The PC Mario game that time forgot

What was the first game you ever played on PC? It probably wasn’t a game featuring Nintendo’s most popular plumber. Mine was. Mario Is Missing—an old educational game that came bundled with a PC my mum bought in the early 1990s—sees Luigi trying to free the captive Mario by retrieving real-world artefacts stolen by the koopa troopers. To do this, he has to warp to real-life cities and track the koopas down. This point-and-click game is conceptually baffling and hated by Nintendo fans. Nonetheless, this was the basis of my perception of Mario for a decade.

Luigi has to wander around a city hunting the koopas down, with the help of directions from NPCs. When you find one of Bowser’s minions walking across the screen, you click on them to make them drop a bag of swag then run away. Inside each bag is one of several cultural artefacts that need to be returned to the relevant landmarks throughout the surrounding city. In Nairobi, for example, Luigi chases koopas who have stolen a baby elephant, a human skull (!) and a menu from the Kenyatta International Conference Centre. How did the koopa fit an entire elephant inside a bag? This part is unclear, but the good people of Nairobi sure seem delighted to have him back.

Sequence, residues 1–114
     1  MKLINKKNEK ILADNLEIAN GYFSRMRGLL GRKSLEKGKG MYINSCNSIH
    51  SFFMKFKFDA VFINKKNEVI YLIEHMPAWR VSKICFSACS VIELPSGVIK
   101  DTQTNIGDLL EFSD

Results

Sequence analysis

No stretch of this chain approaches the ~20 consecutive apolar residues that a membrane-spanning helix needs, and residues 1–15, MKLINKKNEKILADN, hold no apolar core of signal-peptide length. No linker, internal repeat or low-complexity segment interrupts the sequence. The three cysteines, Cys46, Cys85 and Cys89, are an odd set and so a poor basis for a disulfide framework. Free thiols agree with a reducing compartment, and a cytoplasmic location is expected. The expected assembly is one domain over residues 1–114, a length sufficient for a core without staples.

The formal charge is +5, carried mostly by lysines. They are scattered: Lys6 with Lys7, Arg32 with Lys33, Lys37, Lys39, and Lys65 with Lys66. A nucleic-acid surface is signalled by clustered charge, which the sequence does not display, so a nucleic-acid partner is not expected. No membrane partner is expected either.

I would guess that most people who got into PC gaming during the ‘90s encountered ‘edutainment’ games in one form or another. Whether through a misguided attempt by overly earnest parents to combine learning and fun, or because they came taped to the front of a magazine on a floppy disc. They had more of a place in the pre-Steam days when choices were limited to whatever could be found on shop shelves.

What’s particularly interesting about Mario Is Missing is the way it smuggled Nintendo's most iconic character, at the height of his SNES fame, onto the PC via the medium of a dreadful point-and-click adventure game. None of the classic platformers made it to PC in an official capacity, so for the entirety of the ‘90s, my impression of Mario’s universe—and presumably that of other young players who had Mario Is Missing on PC without owning a Nintendo console—was shaped by this weird little spinoff in which Bowser’s Castle was geographically located in Antarctica.